Monday, 29 August 2016

A perfect day

For my last full day in the Czech Republic my former students Honza "Jack" Mlčoch and Jarda "Littlecross" Křížek invited me on a rafting trip down the Vltava River (that's the one that eventually flows through Prague). Jarda's wife Eva, kids and niece joined us for a perfect day of great company, scorching weather,  lovely scenery and occasional rehyrdation stops at beer stands. I couldn't have thought of a better way to end my time here. Thanks very much Jarda and Honza.

The kids preferred to travel the river by paddleboard

The bagpipe festival

Q: Where is the International Bagpipe Festival held? 
(a) Edinburgh, Scotland
(b) London, England
(c) Britanny, France
(d) an obscure former industrial town in the Czech Republic

If you answered (d) you are of course correct. Every two years the International Bagpipe Festival is held in Strakonice, a not especially pretty town about halfway between České Budějovice and Pilsen in the south of the Czech Republic. This year 1100 musicians took part from 14 European countries, playing bagpipes on seven stages - not to mention street corners, pubs and parks - for four days. I went along for two scorching hot days and greatly enjoyed myself, camping just outside town because every hotel for kilometres was full of bagpipers from France, Bulgaria, Greece, Croatia, Holland ... you name it. The photo above is of the Spanish group, who stole the show on opening night. 

The Slovak flagbearer

Pity the poor double-bass player at parade time (this group is from Croatia) 

Thursday, 25 August 2016

The closest I got to a gorilla

People have been asking me if I went to see the gorillas while I was in Rwanda. I didn't, because the gorilla trek costs a whopping US$750. Instead I went on a volcano hike for a tenth of the cost. Very occasionally volcano hikers bump into a group of gorillas; we didn't, so this is the closest I got to meeting one of these magnificent creatures. Gorilla poo. 

Things I love about the Czech Republic #2

1. Catching up with old friends over some of the world's best beer 

Really, need I say more? This picture was taken during a couple of lovely days with my old mate Simon Gill, who now lives in a village near Olomouc in the east of the country. I've known Simon since the mid-1990s when he was living in Slovakia; he moved there a month before the Velvet Revolution, after living in the UK, the Netherlands, Sudan and Turkey. Any visit to Simon is enjoyable but on this occasion I also got to spend some time with his wife Lenka and highly entertaining daughters Annie (pictured) and Emma.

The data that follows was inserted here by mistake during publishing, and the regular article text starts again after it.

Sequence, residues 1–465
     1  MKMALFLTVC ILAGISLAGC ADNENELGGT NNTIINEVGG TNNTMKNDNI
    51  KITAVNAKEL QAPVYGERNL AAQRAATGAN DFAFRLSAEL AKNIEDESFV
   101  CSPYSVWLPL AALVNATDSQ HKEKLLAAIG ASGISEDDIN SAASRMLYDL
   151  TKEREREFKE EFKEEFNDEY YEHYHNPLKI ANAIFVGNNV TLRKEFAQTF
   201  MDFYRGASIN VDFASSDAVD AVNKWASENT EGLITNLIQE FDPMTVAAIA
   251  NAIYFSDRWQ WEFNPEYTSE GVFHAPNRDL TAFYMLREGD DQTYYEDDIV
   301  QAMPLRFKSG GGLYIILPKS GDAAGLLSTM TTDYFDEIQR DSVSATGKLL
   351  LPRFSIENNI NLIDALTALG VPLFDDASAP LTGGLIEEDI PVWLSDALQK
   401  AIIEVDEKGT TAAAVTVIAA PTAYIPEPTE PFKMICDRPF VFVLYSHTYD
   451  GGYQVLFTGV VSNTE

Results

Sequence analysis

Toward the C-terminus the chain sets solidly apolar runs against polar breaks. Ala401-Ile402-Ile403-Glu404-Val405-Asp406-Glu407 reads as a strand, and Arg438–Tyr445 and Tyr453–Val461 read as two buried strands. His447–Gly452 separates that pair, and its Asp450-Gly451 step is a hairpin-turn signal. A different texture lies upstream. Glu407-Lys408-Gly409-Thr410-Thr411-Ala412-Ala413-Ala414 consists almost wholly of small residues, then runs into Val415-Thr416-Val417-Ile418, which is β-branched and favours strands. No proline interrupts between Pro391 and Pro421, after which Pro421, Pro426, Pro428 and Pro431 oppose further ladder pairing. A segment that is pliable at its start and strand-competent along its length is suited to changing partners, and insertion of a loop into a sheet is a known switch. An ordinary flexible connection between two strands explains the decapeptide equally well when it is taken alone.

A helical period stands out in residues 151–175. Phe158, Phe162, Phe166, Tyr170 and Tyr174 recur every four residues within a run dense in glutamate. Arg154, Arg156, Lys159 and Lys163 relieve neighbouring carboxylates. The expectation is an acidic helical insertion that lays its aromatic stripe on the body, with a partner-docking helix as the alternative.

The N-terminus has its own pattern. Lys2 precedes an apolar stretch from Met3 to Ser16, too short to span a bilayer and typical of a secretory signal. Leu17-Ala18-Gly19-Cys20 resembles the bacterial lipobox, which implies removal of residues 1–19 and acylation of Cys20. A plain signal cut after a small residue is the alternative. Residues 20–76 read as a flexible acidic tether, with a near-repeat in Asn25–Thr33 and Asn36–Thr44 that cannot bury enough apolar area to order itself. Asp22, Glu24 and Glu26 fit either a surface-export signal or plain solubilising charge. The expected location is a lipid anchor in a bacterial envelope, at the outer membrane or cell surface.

2. Tvarohové kolače

These are fabulous pastries made with tvaroh - a dairy product which, as far as I know, has no New Zealand equivalent - and, in this case, forest-picked blueberries. Mmmm. 

3. Old-fashioned pubs

I was amazed to discover that one of my favourite pubs from the 1990s, the very unglamourous and slightly dingy Na Dvorku, not only still exists but also still serves my favourite meal for only a little more than I paid all those years ago. And a half litre of Budvar still costs 26 Crowns, about NZ$1.50. 

A bike ride through the Rwandan countryside

I spent my last full day in Rwanda on a bike ride with this enterpreneurial young man, Yannick, who runs his own cycle touring business during the day and studies tourism management by night. We rode from Musanze (also called Ruhengeri), a city in the north of Rwanda, through a series of villages to the twin lakes of Burera and Ruhondo. 

No one told me beforehand that Yannick used to be a member of the Rwandan national cycling squad... 

The highlights were a boat ride across Lake Ruhondo...

... and the lovely landscape of terraced hills and sweet potato plots that surrounds the two lakes.

A volcano mudbath

After Jan and Yvette's wedding I had another couple of days free so I headed to Volcanoes National Park, where I joined a guided hike to the top of Mt Bisoke (3711m). It's one of a series of volcanoes which rise up to 4500m and form the border between Rwanda, Congo and Uganda. 

I soon found out hiking is Rwanda is nothing like tramping in New Zealand. For one thing you're not allowed anywhere on your own - the dozen or so tourists on the hike were accompanied by a guide, several park rangers, half a dozen porters and five Rwandan army soldiers toting Kalashnikovs (to protect us from buffalos and elephants, apparently). 

However, the biggest wildlife I saw was this earthworm... 

The trailhead is at 2500m but it was still quite a slog to the top through rainforest and stinging nettles... 

Alas at the top the mist was so thick it was impossible to see the view or even the crater lake. All I could see was this sign. It was also bitterly cold up there so we didn't hang around long (that's not a smile, my face has frozen into a grimace).

Things got really interestting on the way down because two days of rain had turned the track into a mud chute. By the time we got down, about six hours later, we were all caked in mud. 

Then the clouds parted just long enough for us to get a peek of the mountain...

... and I caught one last glimpse at sunset. 

Wednesday, 24 August 2016

An on-road, off-road adventure

I was wondering why, in a land bursting with public transport, there was only one minibus a day between the towns of Gisenyi and Kibuye on the shores of Lake Kivu. I soon found out. It's one of the roughest roads I've experienced and I still can't believe an overloaded two-wheel-drive van made it all the way (the driver should be in the Rwandan national rally team). 
At one point we were stopped by police who fined the driver for operating a vehicle which was not in roadworthy condition. As if to prove their point the driver was unable to re-start the van and a door fell off while he attempted a push start. After an hour of tinkering with the engine the driver got it going again. Instead of being annoyed by the delay my fellow passengers thought the whole escapade was hilarious.

The driver tries to put the door back on